“In the United States alone, 39% of the population live in areas directly on the shoreline, and this is projected to grow from 122 million people today to 134 million in the second decade of this century. With rising sea levels and an increase in extreme weather events as a result of climate change, many of these residents will be at risk from the impact of storm surges and flooding.
“Given that river and coastal-based cities account for about 80% of global GDP, and 380 million people are already at risk of flooding today, as sea levels rise and climate change occurs the impact on living space will become tangible and in some cases extreme. Urgent action is therefore needed to implement adaptation measures, develop preparedness programmes and build resilience in infrastructure and communities if cities like New York, Mumbai, Boston, Sydney and Shanghai are to thrive as living spaces into the future.”
Flooding has also proved a major issue in the UK in recent years, and according to the TCPA report: “Redistributing our population to avoid flood risk areas or water shortages is an increasingly urgent imperative and requires policy-makers to think about England at a national and strategic scale.”
It continues: “Decisions to flood-defend the east coast of England — where the nation’s best agricultural land is concentrated — must be made now, and such defences will have to be built to much higher standards than had been anticipated.”
Despite the flooding events of recent years, including those that have occurred at the beginning of 2013, housing in the UK continues to be built in risk areas.
Read says: “Before 2010, development was controlled by Planning Policy Statements. PPS 25 prescriptively sought that developments should have a flood risk assessment. There was emphasis that developments should not be built in flood plains.
“Then the recession hit and the change in Government replaced Planning Policy Statements with the National Planning Policy Framework. The result is that development in flood plains continues to go ahead where there are other overriding interests.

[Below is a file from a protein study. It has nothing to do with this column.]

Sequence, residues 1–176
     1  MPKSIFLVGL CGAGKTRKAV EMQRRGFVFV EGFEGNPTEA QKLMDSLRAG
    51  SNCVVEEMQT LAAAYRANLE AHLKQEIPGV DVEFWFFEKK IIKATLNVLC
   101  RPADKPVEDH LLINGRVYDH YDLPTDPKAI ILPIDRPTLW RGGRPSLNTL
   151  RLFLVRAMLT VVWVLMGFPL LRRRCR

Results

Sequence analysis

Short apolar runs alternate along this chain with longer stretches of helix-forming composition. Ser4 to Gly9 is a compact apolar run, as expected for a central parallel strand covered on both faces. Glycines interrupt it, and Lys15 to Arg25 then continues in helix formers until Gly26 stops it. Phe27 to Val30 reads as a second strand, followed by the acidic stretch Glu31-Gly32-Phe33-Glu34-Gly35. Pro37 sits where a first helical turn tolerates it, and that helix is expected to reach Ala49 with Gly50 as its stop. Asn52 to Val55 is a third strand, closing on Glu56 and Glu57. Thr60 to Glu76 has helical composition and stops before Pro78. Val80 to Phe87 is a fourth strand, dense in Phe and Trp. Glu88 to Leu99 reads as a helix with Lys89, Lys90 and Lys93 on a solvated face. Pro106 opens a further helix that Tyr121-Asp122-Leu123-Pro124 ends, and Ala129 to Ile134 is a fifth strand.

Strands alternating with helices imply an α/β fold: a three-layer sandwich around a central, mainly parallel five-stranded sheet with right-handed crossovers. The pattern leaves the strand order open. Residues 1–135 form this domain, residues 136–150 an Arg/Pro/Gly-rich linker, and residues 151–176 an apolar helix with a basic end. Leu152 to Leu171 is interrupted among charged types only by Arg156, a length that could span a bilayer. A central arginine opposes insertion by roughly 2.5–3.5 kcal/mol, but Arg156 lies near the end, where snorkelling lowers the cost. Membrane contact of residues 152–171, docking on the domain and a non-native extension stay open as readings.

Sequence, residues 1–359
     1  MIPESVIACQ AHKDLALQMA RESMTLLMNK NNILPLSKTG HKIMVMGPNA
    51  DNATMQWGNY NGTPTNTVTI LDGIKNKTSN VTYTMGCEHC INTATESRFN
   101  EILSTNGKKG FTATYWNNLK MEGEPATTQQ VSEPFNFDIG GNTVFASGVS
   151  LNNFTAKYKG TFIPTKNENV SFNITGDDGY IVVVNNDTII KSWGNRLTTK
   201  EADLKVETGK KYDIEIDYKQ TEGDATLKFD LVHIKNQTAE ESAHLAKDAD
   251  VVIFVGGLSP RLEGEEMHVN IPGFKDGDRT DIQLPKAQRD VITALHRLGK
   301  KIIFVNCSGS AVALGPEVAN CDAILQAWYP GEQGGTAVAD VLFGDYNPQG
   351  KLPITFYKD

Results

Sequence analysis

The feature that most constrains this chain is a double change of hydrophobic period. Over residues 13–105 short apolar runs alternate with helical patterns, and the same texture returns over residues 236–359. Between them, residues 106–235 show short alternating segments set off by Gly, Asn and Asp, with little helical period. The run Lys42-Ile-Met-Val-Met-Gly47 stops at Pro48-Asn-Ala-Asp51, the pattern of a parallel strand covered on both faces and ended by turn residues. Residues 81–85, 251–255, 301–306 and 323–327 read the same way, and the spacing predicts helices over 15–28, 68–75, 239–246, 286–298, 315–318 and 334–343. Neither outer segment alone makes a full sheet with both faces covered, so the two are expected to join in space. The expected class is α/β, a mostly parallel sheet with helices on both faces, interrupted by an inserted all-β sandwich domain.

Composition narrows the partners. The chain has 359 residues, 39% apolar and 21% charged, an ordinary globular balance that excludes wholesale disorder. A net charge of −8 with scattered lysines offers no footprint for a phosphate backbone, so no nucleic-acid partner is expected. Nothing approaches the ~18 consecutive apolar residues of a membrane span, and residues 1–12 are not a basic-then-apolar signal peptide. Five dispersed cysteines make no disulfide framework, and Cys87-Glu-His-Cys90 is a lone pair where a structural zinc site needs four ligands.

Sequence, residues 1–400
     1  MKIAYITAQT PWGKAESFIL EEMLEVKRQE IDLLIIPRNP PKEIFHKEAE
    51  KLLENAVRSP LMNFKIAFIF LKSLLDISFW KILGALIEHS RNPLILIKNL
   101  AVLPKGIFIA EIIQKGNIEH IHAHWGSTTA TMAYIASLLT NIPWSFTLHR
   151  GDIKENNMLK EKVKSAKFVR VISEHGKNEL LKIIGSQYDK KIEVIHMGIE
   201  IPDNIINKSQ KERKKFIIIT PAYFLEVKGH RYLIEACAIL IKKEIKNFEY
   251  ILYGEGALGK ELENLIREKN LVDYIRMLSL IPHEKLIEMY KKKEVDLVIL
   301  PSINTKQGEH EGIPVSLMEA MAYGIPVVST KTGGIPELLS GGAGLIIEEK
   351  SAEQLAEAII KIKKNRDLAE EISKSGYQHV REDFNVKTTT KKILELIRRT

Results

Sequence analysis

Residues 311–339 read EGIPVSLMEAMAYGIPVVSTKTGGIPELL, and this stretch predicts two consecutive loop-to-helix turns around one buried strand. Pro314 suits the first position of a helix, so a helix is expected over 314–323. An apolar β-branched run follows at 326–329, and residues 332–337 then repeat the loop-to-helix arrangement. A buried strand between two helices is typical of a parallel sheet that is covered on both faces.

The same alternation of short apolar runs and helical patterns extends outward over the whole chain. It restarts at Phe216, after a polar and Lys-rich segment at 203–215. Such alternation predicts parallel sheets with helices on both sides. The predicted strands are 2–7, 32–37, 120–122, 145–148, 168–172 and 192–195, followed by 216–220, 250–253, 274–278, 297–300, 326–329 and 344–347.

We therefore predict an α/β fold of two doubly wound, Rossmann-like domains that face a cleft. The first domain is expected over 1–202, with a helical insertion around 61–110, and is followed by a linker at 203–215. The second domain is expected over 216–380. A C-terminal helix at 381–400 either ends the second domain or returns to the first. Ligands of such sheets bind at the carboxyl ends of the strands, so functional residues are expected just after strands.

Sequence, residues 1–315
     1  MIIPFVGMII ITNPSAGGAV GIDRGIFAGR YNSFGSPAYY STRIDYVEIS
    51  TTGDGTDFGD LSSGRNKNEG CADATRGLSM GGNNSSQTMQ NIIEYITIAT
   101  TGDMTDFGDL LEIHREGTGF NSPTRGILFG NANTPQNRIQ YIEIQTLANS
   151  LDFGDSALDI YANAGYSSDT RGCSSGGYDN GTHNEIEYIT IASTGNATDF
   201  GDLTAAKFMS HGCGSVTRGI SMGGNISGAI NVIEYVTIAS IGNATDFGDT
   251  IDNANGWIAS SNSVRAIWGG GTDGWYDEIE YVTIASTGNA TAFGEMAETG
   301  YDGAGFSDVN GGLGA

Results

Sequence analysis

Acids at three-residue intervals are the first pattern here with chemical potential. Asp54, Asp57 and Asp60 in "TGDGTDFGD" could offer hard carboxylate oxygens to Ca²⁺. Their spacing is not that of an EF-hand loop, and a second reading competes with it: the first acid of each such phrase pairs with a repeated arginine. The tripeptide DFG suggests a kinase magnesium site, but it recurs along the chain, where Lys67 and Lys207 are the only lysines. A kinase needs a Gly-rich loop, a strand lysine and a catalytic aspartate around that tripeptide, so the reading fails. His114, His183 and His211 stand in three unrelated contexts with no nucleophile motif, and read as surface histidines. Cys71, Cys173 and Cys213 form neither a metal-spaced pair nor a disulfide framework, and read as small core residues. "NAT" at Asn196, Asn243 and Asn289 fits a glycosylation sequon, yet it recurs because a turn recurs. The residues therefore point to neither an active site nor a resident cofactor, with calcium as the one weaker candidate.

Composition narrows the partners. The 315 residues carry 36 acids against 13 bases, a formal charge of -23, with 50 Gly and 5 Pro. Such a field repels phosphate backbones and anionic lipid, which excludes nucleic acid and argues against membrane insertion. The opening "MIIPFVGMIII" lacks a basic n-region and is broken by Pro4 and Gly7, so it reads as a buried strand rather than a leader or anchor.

“The main way forward is to encourage new developments to be sustainable by building out flood risk.”
While UK policy seems to be backtracking, Fox says that, internationally, recognition of the part played by natural barriers in natural disaster mitigation is leading to a growing interest in the conservation and restoration of these types of structure.
Other actions could be taken to help mitigate against the increasing scarcity of land resource. For example, Read says: “Productivity can be increased to produce more on a finite area, reducing pressure on land that is providing other services. And better planning of land use at national level would help ensure other uses such as commercial and residential developments minimise competition for land with high value for production of food and other ecosystem services.
“Finally, policy measures to encourage sustainable consumption could be introduced. Land can feed more people if people do not over-consume and if the types of food consumed are appropriate.”